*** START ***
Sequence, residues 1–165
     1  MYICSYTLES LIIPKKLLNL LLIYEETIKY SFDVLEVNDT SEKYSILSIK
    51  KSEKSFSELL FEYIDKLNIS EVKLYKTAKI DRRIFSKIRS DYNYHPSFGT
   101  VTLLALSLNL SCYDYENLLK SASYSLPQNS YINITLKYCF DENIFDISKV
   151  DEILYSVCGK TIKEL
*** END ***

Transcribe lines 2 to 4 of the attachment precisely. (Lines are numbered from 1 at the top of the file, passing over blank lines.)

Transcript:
     1  MYICSYTLES LIIPKKLLNL LLIYEETIKY SFDVLEVNDT SEKYSILSIK
    51  KSEKSFSELL FEYIDKLNIS EVKLYKTAKI DRRIFSKIRS DYNYHPSFGT
   101  VTLLALSLNL SCYDYENLLK SASYSLPQNS YINITLKYCF DENIFDISKV